Then there are the times when journalists just need to call a spade a spade, or in this case call a hate-filled rally a hate-filled rally: some Brooklynites recently decided to protest a mosque because, basically, they didn't like Muslims. The protestors didn't even feel the need to hide their anti-Islam sentiment behind coded language the way most racists do. “If they build a mosque there, I'm going to bomb the mosque,” said one protestor. All we can hope for is that like many Americans, that man is not only filled with hate, but also lazy.
You know who isn't lazy? Government officials in Afghanistan, at least when they have to protect one another from corruption charges. That's what those liberals at the Washington Post say in the latest article about corruption in Afghanistan, just another in a long string of pieces indicting the guys that the US is supporting with aid money and military support. It's becoming increasingly clear that, just as we're not particularly good soccer players, Americans don't make good neo-colonial overlords. It might be time to take a page from England's playbook: forget ruling the world and work on our cocktail-party charm. Read more!
Wednesday, June 23, 2010
I imagine American right-wingers have a tough time dealing with the World Cup. On the one hand, it gives them a way to express nationalist sentiments and chant “USA! USA!” as much as they want. On the other hand, soccer seems somehow...liberal, if it makes any sense to attribute a political leaning to an entire sports. Soccer is more beloved by the world at large than America, it is played by guys who are mostly too small to play football or basketball, and it is decidedly collectivist in nature—one star player can't win a game by himself. Worst of all, the US isn't a soccer superpower, so unlike Olympic basketball, or swimming, or war, Americans can't expect to win at it. If you root for the US in the World Cup, you're going to have to admit defeat at the hands of a superior foe at some point, not a prospect that conservatives would enjoy.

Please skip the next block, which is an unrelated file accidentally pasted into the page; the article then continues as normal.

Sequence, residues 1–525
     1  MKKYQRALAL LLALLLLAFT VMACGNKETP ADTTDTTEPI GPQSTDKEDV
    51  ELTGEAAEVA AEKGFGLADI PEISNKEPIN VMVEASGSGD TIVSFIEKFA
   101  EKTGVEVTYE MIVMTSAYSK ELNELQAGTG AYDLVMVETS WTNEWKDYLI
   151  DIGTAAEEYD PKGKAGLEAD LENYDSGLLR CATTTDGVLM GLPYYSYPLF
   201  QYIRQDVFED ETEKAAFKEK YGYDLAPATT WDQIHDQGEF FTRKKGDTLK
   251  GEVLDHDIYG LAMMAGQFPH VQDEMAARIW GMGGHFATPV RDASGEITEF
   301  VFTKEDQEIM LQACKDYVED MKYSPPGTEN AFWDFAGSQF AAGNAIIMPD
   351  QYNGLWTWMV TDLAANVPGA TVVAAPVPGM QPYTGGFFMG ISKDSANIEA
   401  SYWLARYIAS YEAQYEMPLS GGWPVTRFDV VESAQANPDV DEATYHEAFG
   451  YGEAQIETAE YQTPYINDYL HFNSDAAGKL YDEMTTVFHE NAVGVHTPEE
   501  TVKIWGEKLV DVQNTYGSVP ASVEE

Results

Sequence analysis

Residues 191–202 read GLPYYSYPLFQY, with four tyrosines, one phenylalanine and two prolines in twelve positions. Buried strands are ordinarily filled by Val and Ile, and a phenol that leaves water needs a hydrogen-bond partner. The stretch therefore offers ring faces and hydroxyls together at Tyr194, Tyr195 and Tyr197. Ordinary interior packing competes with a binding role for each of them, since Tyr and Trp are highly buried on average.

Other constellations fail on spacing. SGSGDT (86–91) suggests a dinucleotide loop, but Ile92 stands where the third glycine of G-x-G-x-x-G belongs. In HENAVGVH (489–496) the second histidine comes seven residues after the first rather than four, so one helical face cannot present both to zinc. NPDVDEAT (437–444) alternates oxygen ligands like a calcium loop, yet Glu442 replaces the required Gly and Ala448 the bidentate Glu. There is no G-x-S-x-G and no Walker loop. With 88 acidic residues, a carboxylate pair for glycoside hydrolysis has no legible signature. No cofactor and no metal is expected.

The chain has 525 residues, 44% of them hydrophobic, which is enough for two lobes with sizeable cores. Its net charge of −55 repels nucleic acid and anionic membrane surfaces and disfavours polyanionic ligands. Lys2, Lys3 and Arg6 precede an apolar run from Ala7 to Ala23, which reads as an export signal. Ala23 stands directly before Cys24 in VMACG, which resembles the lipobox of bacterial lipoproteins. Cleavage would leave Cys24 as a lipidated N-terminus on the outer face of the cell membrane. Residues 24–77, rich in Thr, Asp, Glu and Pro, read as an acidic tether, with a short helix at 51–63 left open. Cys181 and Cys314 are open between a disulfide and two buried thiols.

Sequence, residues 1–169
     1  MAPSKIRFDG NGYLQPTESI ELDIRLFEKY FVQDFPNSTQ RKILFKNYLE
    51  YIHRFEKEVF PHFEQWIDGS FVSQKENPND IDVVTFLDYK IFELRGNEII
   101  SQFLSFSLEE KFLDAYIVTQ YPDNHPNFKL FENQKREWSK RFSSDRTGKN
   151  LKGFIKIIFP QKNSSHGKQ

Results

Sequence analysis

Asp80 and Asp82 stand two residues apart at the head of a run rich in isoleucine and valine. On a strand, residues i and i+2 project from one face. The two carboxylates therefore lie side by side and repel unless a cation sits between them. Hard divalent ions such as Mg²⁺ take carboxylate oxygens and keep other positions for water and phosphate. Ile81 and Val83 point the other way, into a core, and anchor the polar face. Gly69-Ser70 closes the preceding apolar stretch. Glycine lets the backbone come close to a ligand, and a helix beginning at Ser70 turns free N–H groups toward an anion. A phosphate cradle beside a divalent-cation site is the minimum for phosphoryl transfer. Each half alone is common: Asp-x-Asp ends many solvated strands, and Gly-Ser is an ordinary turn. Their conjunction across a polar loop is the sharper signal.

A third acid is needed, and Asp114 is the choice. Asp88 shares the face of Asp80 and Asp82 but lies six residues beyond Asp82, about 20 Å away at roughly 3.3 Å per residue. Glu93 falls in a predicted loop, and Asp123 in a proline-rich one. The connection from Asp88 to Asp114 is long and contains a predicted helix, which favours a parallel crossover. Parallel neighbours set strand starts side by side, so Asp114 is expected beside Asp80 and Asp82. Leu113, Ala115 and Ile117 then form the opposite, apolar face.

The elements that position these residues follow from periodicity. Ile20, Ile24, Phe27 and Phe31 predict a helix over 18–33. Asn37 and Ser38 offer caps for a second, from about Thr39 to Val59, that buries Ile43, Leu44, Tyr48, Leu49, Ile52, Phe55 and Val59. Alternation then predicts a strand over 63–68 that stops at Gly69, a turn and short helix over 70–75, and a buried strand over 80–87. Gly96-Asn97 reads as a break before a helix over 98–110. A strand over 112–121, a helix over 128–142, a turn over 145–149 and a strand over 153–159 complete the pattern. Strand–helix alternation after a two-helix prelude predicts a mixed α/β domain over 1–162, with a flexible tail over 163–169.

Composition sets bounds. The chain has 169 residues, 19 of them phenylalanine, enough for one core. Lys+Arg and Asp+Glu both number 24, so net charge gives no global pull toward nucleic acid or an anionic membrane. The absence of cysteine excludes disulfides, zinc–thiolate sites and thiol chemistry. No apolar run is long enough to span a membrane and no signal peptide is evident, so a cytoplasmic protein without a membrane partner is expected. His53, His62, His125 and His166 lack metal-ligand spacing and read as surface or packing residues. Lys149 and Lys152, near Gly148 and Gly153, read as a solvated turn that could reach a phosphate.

So when the World Cup started, I figured that the talk radio gang would basically ignore the tournament unless we lost, at which point they would blame Obama. Actually, around the time the futbol matches were beginning on the pitches, Glenn Beck went on a tirade (tirade being his default speaking mode; when he goes to the grocery store he goes on tirades about double-bagging his eggs) about how Obama's policies were the “World Cup of policies” or something, in that Americans didn't like either, but both were being “shoved down our throat,” a phrase Beck picked up at the Conservative Commentator Subtly Homoerotic Implication Workshop. Other conservatives with mouths also mocked soccer, including some guys on convicted felon G. Gordon Liddy's talk show, who noted that the left was pushing soccer in schools (I guess because there are soccer teams?) and that originally, soccer was played using a human head as a ball in South America. Running through all of this discourse was the notion that soccer is being forced upon people who don't care for it and will never want to watch it. It's unclear who, exactly, is pushing soccer—ESPN? Illegal aliens? The Communists—but these conservatives aren't buying the notion that soccer is worth paying attention to.